I Had Unrealistic Expectations For My Friendships Because of TV, and It Nearly Destroyed Them

When I was in second grade, I was obsessed with the movie Grease. I loved the music, the dancing, and the retro vibes, but most of all, I loved the friendships. The promise the characters all made to each other in the movie's final song "We Go Together" — that they would, yes, "always be together" — made me so happy. I loved that sentiment so much that I actually remember sitting at my second grade lunch table and telling my classmates that were just like them: "We'll always be together," I said. I was met with blank stares.

Of course, I don't still hang out with my second grade class. Unlike the characters in Grease, we were not destined to always be together. But even still, my obsession with onscreen friendships remained a constant in my life for a while. It carried over into adulthood and it made me put unrealistic expectations on my own friendships — something that nearly destroyed a lot of the ones that mean so much to me.

I spent so much time being enamored by TV friendships . . . but the truth is, that's not a healthy way to live, and it's unrealistic to expect people to maintain it.

As I grew older, my obsession with Grease waned, but it was replaced with a love for TV shows filled with friendships that are just as intense, if not more so. When I was a teenager, my three favorite TV shows were Friends, Will & Grace, and Sex and the City. These three shows have a few things in common: they're all set in New York City, they're all comedies that sprinkle in levels of drama, and their characters are all very, very close friends.

On all these shows, the characters do everything together. They eat all their meals together. They live together. They spend every holiday only with each other. They're overly involved in each other's love lives. They can somehow drop everything to spend a ton of money on a vacation because one of them is going through a hard time. And they don't seem to have very many friends outside of their close-knit circle. From a TV writer's perspective, these choices make perfect sense. They make it easier to keep the characters connected for all of the series' storylines. But they're not choices that make sense in real life.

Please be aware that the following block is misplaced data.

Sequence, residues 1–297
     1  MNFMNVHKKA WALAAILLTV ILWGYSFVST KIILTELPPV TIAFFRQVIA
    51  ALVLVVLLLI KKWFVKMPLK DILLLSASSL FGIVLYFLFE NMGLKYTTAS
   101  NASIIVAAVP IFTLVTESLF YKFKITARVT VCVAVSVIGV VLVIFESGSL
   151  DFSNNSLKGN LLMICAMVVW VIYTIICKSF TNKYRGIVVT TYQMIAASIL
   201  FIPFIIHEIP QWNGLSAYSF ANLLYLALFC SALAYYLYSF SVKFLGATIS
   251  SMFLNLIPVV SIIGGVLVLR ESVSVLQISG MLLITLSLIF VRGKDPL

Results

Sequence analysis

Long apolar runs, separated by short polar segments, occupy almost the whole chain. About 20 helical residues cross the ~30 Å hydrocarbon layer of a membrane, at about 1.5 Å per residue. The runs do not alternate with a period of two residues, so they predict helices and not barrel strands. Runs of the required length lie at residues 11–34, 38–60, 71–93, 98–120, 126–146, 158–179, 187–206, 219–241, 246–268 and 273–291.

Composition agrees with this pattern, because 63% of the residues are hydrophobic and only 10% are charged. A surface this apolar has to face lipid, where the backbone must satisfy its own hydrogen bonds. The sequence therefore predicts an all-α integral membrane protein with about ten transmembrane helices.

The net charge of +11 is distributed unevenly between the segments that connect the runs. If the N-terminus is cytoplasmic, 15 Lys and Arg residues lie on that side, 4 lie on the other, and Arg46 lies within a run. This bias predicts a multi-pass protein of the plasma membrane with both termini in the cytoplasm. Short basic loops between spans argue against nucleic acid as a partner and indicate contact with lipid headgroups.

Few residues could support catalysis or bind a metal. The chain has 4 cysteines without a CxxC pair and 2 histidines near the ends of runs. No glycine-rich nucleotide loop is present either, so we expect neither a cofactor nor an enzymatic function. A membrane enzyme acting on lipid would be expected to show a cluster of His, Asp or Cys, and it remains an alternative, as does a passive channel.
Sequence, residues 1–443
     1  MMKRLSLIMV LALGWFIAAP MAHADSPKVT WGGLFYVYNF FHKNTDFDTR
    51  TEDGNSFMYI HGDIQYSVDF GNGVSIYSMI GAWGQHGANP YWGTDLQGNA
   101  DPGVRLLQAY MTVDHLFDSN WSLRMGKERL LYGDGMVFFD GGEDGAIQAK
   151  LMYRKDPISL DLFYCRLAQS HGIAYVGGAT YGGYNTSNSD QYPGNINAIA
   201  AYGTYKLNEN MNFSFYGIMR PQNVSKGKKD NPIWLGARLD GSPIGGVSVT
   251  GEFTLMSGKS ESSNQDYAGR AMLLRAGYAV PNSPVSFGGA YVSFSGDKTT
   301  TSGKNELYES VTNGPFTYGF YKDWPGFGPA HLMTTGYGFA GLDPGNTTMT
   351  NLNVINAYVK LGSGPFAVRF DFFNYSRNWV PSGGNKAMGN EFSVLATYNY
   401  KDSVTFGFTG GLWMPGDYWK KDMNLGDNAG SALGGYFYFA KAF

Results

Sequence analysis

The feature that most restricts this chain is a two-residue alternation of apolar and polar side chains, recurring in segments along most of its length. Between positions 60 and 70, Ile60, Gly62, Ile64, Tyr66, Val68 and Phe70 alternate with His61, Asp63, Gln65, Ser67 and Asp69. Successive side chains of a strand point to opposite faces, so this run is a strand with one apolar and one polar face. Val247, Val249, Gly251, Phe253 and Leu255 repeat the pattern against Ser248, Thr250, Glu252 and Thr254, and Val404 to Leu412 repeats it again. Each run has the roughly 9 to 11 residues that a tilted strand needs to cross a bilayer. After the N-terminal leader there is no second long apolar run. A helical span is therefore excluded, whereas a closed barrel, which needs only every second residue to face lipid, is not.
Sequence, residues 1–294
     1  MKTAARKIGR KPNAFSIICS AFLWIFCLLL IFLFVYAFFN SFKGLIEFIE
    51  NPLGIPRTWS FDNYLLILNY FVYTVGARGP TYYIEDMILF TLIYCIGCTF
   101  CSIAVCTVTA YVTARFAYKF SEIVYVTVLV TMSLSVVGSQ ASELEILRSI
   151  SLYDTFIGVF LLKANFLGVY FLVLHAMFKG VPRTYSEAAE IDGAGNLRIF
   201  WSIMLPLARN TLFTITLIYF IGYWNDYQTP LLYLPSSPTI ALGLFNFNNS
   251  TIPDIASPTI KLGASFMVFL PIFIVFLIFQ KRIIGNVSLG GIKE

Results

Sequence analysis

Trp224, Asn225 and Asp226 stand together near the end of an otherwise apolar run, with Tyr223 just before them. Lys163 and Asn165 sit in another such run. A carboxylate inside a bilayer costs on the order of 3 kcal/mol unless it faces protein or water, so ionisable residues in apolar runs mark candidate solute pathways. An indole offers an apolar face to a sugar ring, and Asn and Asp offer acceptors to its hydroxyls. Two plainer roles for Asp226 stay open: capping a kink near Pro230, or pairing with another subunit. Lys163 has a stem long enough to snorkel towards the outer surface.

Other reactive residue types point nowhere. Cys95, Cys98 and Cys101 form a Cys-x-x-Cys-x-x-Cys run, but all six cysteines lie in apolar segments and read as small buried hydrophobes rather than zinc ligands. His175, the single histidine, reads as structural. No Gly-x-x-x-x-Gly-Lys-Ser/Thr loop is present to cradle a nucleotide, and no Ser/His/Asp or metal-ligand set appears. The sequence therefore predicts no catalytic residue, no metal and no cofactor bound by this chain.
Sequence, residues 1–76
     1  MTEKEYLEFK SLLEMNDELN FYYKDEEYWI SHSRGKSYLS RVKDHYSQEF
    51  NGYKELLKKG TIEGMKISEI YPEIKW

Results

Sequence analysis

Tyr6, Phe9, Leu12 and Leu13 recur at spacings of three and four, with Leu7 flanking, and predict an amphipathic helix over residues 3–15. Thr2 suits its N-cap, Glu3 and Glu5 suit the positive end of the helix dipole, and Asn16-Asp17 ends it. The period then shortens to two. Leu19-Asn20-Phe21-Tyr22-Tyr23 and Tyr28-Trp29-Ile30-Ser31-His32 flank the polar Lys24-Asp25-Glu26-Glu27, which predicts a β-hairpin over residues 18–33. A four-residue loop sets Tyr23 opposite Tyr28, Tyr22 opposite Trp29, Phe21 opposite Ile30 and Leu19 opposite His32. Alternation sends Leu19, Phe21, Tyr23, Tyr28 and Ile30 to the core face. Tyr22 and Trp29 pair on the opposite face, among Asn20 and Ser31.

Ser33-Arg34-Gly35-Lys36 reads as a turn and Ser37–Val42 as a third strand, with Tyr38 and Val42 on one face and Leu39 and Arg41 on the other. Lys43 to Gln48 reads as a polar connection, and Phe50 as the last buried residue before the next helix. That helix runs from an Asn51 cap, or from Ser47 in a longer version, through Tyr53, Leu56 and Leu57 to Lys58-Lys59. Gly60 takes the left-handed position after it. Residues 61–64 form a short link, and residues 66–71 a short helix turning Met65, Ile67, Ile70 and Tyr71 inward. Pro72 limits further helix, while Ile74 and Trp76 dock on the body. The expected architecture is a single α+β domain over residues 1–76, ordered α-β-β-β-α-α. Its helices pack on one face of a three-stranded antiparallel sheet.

Because I spent so much time being enamored by TV friendships, I thought that my real-life friendships were supposed to look just like them. In high school, I pushed for my friends to be as close as possible. I wanted us to tell each other everything, to be involved in all the same clubs and activities, and to only want to spend time with each other. And if our group couldn't make grand gestures for each other even under high school rules and budgets, were we even friends? But the truth is, that's not a healthy way to live, and it's unrealistic to expect people to maintain it.

In fact, I soon discovered that I didn't have the energy to keep up with the intensely close friendships that I thought I wanted. I wanted more alone time than the characters in my favorite TV shows seemed to want, and I didn't want to force closeness in relationships where it didn't exist naturally. The more time I spent trying to recreate Central Perk in my own hometown, the more exhausted I became. I mean, who really wants to spend multiple hours a day in the same coffee house?

There's a reason friendships on TV are so perfect. Writers shape them to tell the stories they want to tell, but real life isn't that well controlled, and it took me a long time to realize that. Off camera, friendships ebb and flow. People change and so do the ways they build connections with each other. You might be comfortable crawling into one friend's bed to cry about heartbreak and only comfortable telling another friend basic details. And there's nothing wrong with either.

I'll admit that I spent most of high school and maybe even some of college trying to force how I thought my friendships should be. But once I grew, let go of those expectations, and stopped fixating on having those perfect bonds, I was able to actually have the types of friendships that fed my soul. When you write your own storyline, it's something that's so much better than what you see on TV.